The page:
As September rolls in, are you still finding zucchinis or summer squash buried in your garden, overgrown and the size of pumpkins? At Inn Serendipity Farm and Bed & Breakfast, this harvest abundance inspires our zucchini fritters, our favorite late summer recipe that uses nine hearty cups of shredded summer squash or zucchini. Our B&B guests love them.

The key here is that unlike some of our other recipes featured in our Farmstead Chef cookbook (like Zucchini Feta Savory Pancakes), this Zucchini Fritters recipe uses up some of the zucchini or summer squash that might not be the best on the outside or have too many seeds on the inside that have to be cut away and discarded. This potluck-friendly savory dish, also loved by kids, makes an easy supper, especially when paired with our homemade ranch dip sauce. 

An important first step when making these fritters is to sprinkle the shredded summer squash and zucchini with salt and let it sit for at least an hour to pull out some of the water in the zucchini or summer squash, otherwise your fritters will have a less appetizing mushy texture.

Any summer squash or zucchini varietal works well in this recipe. We use any size patty pan, crooked neck and eight-ball summer squash, which by this time of year often hide out under big leaves and elude our picking, growing to pumpkin-sized balls or other shapes. Cut out any seeds and peel the squash if the skin is on the tougher side, often common later in the summer.

We’re Wisconsin farmers, so we love our cheeses, an important ingredient for this recipe. We prefer a flavorful, harder cheese such as the award-winning Grand Cru made in our hometown of Monroe, Wisconsin by Roth Cheese. However, any harder cheeses will work well in this recipe, should you make your own.

The recipe may seem like it makes a lot, but one batch serves as a main supper meal for my family of three. If you have a larger family or some friends over, it’s best to double the recipe. Did I just give you a reason to use eighteen cups of zucchini for a double batch? You hit the harvest jackpot indeed.

Still have a zucchini overload, even after you make these fritters? Keep shredding and pack the summer squash or zucchini into gallon freezer bags in nine-cup portions to enjoy this recipe all winter long. When you’re ready to make the fritters, defrost the zucchini then add the salt, making sure to squeeze as much of the water out as possible before using it in the recipe.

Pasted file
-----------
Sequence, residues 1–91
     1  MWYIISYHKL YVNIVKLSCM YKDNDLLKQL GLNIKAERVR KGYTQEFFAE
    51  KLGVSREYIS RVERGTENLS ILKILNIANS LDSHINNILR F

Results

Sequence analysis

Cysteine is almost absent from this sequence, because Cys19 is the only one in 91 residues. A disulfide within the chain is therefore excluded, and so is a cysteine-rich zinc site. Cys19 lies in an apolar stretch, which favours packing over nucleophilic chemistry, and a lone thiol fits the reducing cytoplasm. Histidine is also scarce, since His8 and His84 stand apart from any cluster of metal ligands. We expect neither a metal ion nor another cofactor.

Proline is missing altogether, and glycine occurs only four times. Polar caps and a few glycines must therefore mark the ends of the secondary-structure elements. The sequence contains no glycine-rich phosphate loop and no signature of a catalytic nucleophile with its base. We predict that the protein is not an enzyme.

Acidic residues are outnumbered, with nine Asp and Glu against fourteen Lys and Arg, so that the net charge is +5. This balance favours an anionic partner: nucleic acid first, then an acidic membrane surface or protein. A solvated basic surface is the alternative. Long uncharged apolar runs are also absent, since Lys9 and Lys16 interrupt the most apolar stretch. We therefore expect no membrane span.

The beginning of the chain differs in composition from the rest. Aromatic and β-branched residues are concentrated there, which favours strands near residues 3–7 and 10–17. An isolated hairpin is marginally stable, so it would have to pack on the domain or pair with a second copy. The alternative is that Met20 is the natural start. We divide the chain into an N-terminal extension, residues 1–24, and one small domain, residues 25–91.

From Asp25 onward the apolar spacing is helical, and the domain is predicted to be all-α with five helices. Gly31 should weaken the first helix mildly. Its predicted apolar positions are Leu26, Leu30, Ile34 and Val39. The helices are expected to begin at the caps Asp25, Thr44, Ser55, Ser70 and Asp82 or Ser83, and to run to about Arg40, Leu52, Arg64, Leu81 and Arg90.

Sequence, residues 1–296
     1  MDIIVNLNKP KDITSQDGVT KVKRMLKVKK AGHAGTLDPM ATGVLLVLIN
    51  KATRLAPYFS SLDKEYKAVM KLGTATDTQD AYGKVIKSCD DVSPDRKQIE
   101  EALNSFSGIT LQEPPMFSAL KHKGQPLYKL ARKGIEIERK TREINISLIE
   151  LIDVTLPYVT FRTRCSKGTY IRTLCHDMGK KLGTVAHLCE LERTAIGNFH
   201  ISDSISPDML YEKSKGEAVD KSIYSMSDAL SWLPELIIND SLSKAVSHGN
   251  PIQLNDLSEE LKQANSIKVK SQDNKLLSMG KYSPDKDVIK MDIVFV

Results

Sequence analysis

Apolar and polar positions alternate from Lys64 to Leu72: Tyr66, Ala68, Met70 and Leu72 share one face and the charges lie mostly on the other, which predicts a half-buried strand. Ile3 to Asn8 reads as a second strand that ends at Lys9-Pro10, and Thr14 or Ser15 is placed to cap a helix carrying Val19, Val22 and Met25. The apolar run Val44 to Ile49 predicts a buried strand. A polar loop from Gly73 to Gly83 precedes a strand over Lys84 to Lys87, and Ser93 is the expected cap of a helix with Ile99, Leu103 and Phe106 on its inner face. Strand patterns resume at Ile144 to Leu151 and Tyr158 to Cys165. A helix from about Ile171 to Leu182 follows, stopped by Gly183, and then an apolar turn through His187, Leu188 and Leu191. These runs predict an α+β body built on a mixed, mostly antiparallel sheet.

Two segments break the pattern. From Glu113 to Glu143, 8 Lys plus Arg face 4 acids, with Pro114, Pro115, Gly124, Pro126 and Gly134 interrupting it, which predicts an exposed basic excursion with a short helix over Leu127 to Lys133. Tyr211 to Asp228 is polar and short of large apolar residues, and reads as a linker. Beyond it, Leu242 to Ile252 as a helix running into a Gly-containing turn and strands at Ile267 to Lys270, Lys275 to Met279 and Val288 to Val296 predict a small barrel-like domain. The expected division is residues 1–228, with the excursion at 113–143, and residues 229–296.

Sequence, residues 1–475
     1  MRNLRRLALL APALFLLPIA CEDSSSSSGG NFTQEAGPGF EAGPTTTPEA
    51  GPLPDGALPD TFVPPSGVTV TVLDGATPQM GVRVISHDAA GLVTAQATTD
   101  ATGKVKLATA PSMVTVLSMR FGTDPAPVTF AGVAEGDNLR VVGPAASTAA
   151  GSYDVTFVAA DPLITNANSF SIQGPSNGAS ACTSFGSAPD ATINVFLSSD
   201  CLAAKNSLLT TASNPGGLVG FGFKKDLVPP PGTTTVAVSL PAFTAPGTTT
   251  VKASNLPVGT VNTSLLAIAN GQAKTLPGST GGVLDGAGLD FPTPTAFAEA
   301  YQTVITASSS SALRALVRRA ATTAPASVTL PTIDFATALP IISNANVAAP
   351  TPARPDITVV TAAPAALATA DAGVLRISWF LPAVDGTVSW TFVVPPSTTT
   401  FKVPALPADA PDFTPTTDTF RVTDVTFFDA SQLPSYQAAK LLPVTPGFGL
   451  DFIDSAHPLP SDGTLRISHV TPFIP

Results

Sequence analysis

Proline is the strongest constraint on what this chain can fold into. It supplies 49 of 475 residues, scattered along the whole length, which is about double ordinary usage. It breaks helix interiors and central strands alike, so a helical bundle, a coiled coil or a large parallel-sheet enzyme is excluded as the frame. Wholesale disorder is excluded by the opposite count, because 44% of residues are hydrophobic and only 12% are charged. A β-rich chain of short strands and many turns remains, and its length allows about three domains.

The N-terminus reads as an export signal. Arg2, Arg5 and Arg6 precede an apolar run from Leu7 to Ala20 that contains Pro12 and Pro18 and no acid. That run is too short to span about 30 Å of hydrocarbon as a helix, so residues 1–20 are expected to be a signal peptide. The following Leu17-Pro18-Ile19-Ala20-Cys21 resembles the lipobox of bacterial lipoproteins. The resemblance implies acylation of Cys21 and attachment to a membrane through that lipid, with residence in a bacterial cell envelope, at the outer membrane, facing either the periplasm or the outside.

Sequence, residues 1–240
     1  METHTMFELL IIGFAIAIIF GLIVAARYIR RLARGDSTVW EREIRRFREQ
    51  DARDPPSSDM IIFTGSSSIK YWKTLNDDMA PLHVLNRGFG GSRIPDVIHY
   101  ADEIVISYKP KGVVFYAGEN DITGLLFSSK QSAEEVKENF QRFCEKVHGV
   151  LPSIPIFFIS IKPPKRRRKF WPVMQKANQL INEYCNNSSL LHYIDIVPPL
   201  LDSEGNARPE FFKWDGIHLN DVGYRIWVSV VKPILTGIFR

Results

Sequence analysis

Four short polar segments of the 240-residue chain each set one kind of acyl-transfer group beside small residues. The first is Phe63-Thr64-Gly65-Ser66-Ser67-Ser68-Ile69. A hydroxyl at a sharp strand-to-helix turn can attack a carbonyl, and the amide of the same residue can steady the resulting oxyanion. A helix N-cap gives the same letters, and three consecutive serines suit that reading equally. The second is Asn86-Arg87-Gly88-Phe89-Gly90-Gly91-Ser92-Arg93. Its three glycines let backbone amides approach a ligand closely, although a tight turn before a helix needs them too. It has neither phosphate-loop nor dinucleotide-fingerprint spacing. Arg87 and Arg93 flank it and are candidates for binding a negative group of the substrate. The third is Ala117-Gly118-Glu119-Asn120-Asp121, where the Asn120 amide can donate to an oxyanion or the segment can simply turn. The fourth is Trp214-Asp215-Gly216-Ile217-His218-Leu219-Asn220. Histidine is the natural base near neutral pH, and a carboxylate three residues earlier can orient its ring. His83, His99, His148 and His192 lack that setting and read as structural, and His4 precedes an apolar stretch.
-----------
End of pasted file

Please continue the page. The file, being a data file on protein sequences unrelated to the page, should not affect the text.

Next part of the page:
Late Summer Squash Fritters

Yield:  About 4 dozen


  • 9 cups shredded summer squash or zucchini
  • 3 tsp salt
  • 3 eggs
  • 1-1/2 cups panko bread crumbs
  • 1-1/2 cups grated cheese
  • 4 cloves garlic, crushed
  • 1/2 tsp pepper


  1. Place shredded summer squash or zucchini in a large bowl and sprinkle with salt.
  2. Massage the salt into the summer squash or zucchini and let sit at least an hour to draw the water out.
  3. Squeeze small handfuls of the summer squash or zucchini to drain the water and place squeezed summer squash or zucchini in a fresh large bowl.
  4. Lightly beat eggs and add to summer squash or zucchini.
  5. Add in bread crumbs, cheese, garlic and pepper and mix thoroughly with clean hands.
  6. Take one tablespoon of summer squash or zucchini mixture and form into a two-inch long log and line these up on greased baking sheet.
  7. Bake at 400 degrees for about 25 to 30 minutes or until firm enough to pick up and have a golden brown color.
  8. Flip fitters for the last 10 minutes of baking.
  9. Serve hot with Ranch Dressing dipping sauce (recipe below from Farmstead Chef cookbook).

Ranch Dressing

From Farmstead Chef Cookbook

Yield:  About 1-1/2 cups


  • 1 cup mayonnaise
  • 1/2 cup sour cream
  • 1/4 cup chopped chives
  • 1 tsp Worcestershire sauce
  • 1 tsp dried dill
  • 1/2  tsp dried parsley
  • 1/2 tsp garlic powder
  • 1/4 tsp onion powder
  • 1/4 tsp vinegar (we use rice vinegar)
  • 1/8 tsp salt
  • 1/8 tsp pepper


  1. Hand whisk all ingredients until well blended. 
  2. Cover and refrigerate, ideally overnight, before serving.

Lisa Kivirist, with her husband, John D. Ivanko, a photographer and drone pilot, have co-authored Rural Renaissance, Homemade for Sale, the award-winning ECOpreneuring and Farmstead Chef cookbook along with operating Inn Serendipity B&B and Farm, completely powered by renewable energy. Kivirist also authored Soil Sisters. As a writer, Kivirist contributes to Mother Earth News, most recently, Living with Renewable Energy Systems: Wind and Solar and 9 Strategies for Self-Sufficient Living. They live on a farm in southwestern Wisconsin with their son Liam and millions of ladybugs.

All MOTHER EARTH NEWS community bloggers have agreed to follow our Blogging Guidelines, and they are responsible for the accuracy of their posts. To learn more about the author of this post, click on their byline link at the top of the page.

5-Minute Salsa

5 Minute Salsa

Impress your guests with this quick and easy restaurant style salsa! You won’t believe simple this is to make or how delicious. It’s ready in about 5 minutes! All you will need is a knife and a blender or food processor. It’s bright and fresh with just a little heat. Perfect for dipping.